The KwaZulu-Natal (KZN) Sharks Board in Durban, South Africa, has been managing bather protection nets off KZN’s most popular beaches since 1952 to mitigate shark-human interaction. The nets catch potentially dangerous sharks, but also take a bycatch of other marine megafauna, including the Indo-Pacific bottlenose dolphin Tursiops aduncus. A total...
Article
Full-text available
This study assessed the extent of sexual dimorphism in striped dolphin (Stenella coeruleoalba) cranial size and shape off the South African coast. Dorsal and ventral features of 60 striped dolphin crania from both the western and eastern coasts of South Africa were analyzed using landmark-based geometric morphometrics. Although there was no evidenc...
Article
Full-text available
Coastal dolphins are more prone to cumulative impacts of environmental and anthropogenic changes than pelagic species. However, few studies use historical comparisons to evaluate those impacts across a temporal scale. The study presented here describes the pattern of occurrence, group size, behavior, and habitat use of humpback dolphins in Algoa Ba...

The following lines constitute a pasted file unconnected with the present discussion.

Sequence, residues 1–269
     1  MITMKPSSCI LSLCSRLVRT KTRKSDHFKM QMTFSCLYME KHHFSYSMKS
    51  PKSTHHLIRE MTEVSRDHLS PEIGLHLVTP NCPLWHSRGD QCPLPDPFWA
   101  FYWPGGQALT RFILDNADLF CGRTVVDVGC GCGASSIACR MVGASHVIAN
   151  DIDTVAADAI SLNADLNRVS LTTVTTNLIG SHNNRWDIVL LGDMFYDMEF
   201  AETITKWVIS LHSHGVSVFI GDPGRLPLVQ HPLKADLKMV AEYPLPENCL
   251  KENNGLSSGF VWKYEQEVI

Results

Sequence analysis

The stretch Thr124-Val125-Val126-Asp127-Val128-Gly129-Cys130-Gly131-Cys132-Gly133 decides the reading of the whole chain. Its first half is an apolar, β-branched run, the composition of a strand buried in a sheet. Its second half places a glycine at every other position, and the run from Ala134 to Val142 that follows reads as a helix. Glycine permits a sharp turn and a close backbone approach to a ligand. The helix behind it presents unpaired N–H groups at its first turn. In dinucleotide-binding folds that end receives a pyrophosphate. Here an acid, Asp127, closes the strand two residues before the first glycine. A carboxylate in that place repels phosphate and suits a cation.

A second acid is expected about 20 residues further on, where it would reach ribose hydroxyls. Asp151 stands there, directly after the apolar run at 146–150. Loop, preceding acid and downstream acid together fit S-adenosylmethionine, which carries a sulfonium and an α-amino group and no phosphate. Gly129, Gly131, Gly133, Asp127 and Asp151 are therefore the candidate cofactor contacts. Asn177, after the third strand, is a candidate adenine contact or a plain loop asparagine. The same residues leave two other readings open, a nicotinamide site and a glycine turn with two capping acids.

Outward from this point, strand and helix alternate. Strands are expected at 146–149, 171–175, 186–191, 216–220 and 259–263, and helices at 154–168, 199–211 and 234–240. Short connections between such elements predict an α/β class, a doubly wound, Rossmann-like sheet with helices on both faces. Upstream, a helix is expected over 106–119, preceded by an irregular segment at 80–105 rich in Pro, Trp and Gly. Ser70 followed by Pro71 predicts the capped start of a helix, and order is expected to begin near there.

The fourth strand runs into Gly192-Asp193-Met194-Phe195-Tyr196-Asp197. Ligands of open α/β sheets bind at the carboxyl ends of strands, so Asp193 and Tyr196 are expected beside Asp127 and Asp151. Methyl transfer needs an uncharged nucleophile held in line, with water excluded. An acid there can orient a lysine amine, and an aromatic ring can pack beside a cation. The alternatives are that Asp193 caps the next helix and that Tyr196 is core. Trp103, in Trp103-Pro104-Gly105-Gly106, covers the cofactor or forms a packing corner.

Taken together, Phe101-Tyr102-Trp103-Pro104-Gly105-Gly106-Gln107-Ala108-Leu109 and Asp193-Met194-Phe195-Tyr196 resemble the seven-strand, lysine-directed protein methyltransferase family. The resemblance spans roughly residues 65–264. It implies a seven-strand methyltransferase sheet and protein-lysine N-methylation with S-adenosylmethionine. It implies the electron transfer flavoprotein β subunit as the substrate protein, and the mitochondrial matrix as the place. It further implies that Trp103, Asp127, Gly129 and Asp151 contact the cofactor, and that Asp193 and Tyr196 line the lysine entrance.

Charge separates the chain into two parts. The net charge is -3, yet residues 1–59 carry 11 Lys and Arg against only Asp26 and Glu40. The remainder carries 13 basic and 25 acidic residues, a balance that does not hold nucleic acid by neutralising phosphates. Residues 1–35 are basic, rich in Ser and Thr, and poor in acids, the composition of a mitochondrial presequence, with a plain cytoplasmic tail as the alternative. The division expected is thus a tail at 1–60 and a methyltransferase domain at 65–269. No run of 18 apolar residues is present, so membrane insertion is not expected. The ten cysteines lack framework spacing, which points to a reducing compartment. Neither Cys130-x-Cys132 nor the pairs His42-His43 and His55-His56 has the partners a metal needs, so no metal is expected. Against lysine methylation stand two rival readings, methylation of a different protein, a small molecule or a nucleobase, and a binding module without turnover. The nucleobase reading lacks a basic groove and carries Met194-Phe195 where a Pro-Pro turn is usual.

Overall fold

Article
Full-text available
The continuous disposal of persistent organic pollutants (POPs) in South Africa (SA) warrants concern about their detrimental effects on humans and wildlife. We surveyed six dolphin species (n=90) incidentally captured in shark net installations or stranded off the SA east and south coast from 2005 to 2009 to study the POP exposure. Sousa plumbea,...
Article
Full-text available
Although most knowledge on the biology of Sousa plumbea has primarily come from South African waters, a number of research gaps remain on the natural history and status of the species in the region. Research on two populations in South African waters for which some historical data exist may aid in highlighting long-term changes in the biology and n...
Article
Full-text available
Globally, the increasing need to conduct both research and surveillance of the health of wild animal populations has been recognized as an important tool in conservation and management. While such studies on terrestrial wildlife are frequent in the southern African sub-region, their counterparts in the marine environment seem to be largely lacking....